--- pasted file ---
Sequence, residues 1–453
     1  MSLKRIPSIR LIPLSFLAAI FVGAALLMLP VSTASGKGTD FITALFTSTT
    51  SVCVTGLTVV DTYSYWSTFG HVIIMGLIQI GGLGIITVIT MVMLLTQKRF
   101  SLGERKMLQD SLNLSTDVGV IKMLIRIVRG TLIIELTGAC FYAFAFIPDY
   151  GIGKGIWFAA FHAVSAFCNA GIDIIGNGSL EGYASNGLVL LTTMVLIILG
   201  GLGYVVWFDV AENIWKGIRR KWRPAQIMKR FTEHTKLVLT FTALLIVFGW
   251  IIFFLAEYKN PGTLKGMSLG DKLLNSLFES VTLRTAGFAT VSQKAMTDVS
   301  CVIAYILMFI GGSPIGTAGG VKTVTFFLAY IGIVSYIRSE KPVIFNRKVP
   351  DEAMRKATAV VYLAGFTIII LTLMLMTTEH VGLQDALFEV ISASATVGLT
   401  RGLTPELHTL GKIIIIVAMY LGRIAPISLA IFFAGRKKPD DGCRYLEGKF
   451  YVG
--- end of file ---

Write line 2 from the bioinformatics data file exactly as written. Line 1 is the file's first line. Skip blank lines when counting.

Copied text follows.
     1  MSLKRIPSIR LIPLSFLAAI FVGAALLMLP VSTASGKGTD FITALFTSTT